Whenever an employee working for you is away from work due to illness, it’s often causing some degree of frustration. Because unexpected absences, can be detrimental to the productivity and efficiency of your operations. Furthermore, there are direct costs associated with paid sick leave or other benefits. And there is also the cost of other employees working overtime to complete the work not being done by the absent employee. As an employer, you probably understand that some degree of absenteeism is to be tolerated as a cost of doing business. But you are also entitled to expect regular ongoing attendance from your employees.
When Missing Work Becomes Problematic
A recent study from Morneau Shepell found that slightly more than 52% of incidental absence is not due to illness. So work-related factors were found to play a big role in predicting whether the type of absence is related to illness or non-illness reasons.
Employees start calling in sick when work pressure goes up, or their working relationships with their boss deteriorates, or they their job satisfaction decreases.
Excessive absenteeism occurs whenever an employee regularly calls in “sick” but is unable to substantiate the illness with satisfactory medical documentation. And such employees will frequently undermine employer attempts to confirm any illness by arguing that they were unable to see a doctor on short notice or that they were too ill to leave the house.
In order to determine whether there is an absenteeism problem, as an employer you may consider doing the following:
- Identify the total number of days off and number of separate instances of absenteeism for each employee within the last one month, three months and 12 months; and
- Identify the worst 10% (or other % below which there is a significant gap) in each monitoring time period (because some employees will be in the worst 10% in one period but not in others); and
- Consider the reasons for absence: maternity leave, personal emergency leave, child care leave, etc. These absences do not require any corrective actions. Even if the employee is in the worth 10%; and
- Consider whether there is a pattern of absences (Fridays, long weekends, etc.); and
- Deal with the worst cases first
By managing absenteeism that way, your approach will be much more quantifiable and therefore objective. So you want to have these statistics in order to track absenteeism and have a consistent approach.
Culpable versus Non-Culpable Absences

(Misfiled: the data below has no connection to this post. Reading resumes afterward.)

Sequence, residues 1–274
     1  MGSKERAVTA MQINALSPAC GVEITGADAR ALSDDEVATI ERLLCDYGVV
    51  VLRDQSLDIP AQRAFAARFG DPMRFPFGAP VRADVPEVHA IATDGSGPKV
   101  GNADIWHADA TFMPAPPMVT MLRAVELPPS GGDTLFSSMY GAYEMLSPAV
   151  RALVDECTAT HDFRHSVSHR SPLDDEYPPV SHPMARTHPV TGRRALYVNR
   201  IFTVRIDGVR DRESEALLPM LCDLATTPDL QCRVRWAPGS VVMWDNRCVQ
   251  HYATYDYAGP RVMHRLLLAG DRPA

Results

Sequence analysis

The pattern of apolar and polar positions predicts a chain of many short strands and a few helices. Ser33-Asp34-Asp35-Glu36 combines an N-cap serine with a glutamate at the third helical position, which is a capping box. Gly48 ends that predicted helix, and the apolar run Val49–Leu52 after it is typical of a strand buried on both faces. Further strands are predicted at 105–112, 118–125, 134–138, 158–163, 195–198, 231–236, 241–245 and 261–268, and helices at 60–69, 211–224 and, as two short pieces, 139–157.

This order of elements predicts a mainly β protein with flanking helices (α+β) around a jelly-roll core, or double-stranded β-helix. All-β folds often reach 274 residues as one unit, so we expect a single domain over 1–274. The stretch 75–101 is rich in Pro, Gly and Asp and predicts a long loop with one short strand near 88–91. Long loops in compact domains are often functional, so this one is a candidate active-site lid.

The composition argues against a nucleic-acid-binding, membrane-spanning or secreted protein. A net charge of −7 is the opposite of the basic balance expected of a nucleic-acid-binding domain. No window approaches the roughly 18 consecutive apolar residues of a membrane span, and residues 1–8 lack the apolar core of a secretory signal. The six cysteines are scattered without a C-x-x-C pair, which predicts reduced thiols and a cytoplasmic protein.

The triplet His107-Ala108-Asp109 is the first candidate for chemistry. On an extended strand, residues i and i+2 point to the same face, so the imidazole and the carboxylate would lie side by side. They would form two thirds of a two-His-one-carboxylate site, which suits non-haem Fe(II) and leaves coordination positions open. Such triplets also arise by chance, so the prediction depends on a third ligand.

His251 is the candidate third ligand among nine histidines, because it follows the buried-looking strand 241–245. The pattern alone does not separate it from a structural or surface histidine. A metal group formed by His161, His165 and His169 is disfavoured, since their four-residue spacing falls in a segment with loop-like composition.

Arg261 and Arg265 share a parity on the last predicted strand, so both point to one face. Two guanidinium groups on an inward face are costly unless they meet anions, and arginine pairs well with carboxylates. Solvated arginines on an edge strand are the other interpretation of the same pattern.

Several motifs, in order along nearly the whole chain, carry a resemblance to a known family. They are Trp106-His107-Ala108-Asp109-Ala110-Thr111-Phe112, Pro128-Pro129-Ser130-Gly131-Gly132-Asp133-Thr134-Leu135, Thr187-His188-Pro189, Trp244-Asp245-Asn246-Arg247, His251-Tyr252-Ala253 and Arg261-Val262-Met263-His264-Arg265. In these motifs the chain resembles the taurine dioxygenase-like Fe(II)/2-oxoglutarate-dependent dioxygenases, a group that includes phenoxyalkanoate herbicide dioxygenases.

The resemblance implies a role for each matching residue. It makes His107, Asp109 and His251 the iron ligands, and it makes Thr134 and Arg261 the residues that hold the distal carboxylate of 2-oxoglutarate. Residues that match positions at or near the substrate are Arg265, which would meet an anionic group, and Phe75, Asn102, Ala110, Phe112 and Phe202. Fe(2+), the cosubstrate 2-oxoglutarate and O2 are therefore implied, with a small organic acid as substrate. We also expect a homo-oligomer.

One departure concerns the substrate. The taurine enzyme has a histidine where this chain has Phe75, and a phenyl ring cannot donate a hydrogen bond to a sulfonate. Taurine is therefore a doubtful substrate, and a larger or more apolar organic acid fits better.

Excessive absenteeism described above is usually the result of employees’ desire to miss work due to reasons unrelated to illness. So the casual absences not supported by doctor’s notes may be considered culpable. Culpable absences are things within the control of the employee and that could be avoided. Such as: absences due to car problems, traffic or sleeping in, leaving work without permission or failing to notify you, the employer, of an absence. Culpable absences are those considered unreasonable such as those absences consistently occurring after a long weekend.
Counseling versus Discipline
Although culpable absenteeism should be addressed in the same manner as other disciplinary conduct, a recent case law clearly distinguished the differences in responses to culpable versus non-culpable absenteeism by focusing on the distinction between counselling and discipline. The case law stipulates the following: it appears that a counselling letter advising an employee of the concerns of the employer regarding excessive absenteeism and indicating that a failure to improve that record may result in discharge is not, in and of itself, disciplinary in nature. Indeed, it is regarded as a necessary prerequisite to the subsequent exercise of the right to terminate for innocent absenteeism where that is found to be necessary.
So, at the end of the day, an Attendance Management Program must not be discriminatory. As an employer, you must consistently enforce the policy.
Your policy must establish a threshold of absences at which you can begin to counsel your employees about their attendance. It must be flexible in order to allow you to consider unique circumstances to each employee. Where expectations are clearly set out, and the policy is consistently and fairly applied, attendance management policies are a useful way to curb excessive non-culpable absenteeism.